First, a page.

On this, the second day of summer, rain was in the forecast. Last evening I noticed some moss growing on one of the rocks at our pond and so, before the rains arrived, I decided I should spend some time making pictures of that moss. While I did take a moment to make some photographs of the bright green moss, it was this trapdoor snail which caught my focused attention.
Japanese trapdoor snails, sold in garden centers, reside in (and reproduce in) our garden pond year-round. Their sole purpose is to act as a natural filter (a job shared with our frog and toad tadpoles), removing algae and other contaminants from the water and maintaining its natural balance. Our pond is mechanical as well as chemical-free.
Trapdoor snails slowly move along the sides of the pond, over the rocks and they have even been known to hang among the slender leaves of our anacharis (Elodea canadensis). As the snails move they consume algae and other decaying matter (i.e leaves, waste). Amusingly, they also host algae, which will grow on the backs of their shells - unless another snail comes along to clean it off. My slow-moving subject this morning is a large, older snail and he was covered in thick green algae. Elsewhere, the pond is relatively algae-free!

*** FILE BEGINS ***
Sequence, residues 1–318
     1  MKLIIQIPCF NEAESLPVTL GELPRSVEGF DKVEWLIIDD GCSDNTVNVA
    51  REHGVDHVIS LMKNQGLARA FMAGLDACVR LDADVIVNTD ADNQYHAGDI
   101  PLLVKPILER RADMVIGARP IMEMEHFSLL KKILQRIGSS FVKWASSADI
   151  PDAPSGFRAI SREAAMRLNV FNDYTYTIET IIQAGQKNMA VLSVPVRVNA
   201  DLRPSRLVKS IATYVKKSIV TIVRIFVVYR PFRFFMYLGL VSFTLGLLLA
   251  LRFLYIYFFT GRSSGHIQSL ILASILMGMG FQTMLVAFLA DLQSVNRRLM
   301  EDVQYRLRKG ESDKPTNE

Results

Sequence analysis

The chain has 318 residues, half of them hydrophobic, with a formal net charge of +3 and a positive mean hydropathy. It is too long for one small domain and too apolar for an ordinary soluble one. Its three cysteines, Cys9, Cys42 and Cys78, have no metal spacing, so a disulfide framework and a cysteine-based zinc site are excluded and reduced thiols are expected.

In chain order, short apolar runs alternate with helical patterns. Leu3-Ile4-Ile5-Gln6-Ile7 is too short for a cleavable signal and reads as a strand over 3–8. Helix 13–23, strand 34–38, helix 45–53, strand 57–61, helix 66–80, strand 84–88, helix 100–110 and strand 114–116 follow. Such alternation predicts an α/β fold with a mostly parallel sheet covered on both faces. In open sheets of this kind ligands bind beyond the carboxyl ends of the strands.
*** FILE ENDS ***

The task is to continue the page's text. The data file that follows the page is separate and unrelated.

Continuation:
Update: Yesterday I discovered what appeared to be an unearthed cicada atop an ants' nest. It was so incredibly small I convinced myself it could not be a cicada, but after photographing it again using the macro lens on my mobile phone, I can clearly identify it: I believe it is an early instar nymph. This would make sense I suppose, as the eggs are deposited in trees and the newly hatched nymphs drop to and tunnel into the ground. Until yesterday it had never occurred to me to imagine cicadas grow through a series of developmental stages (nymphal instars) - and the one I found yesterday may be quite young.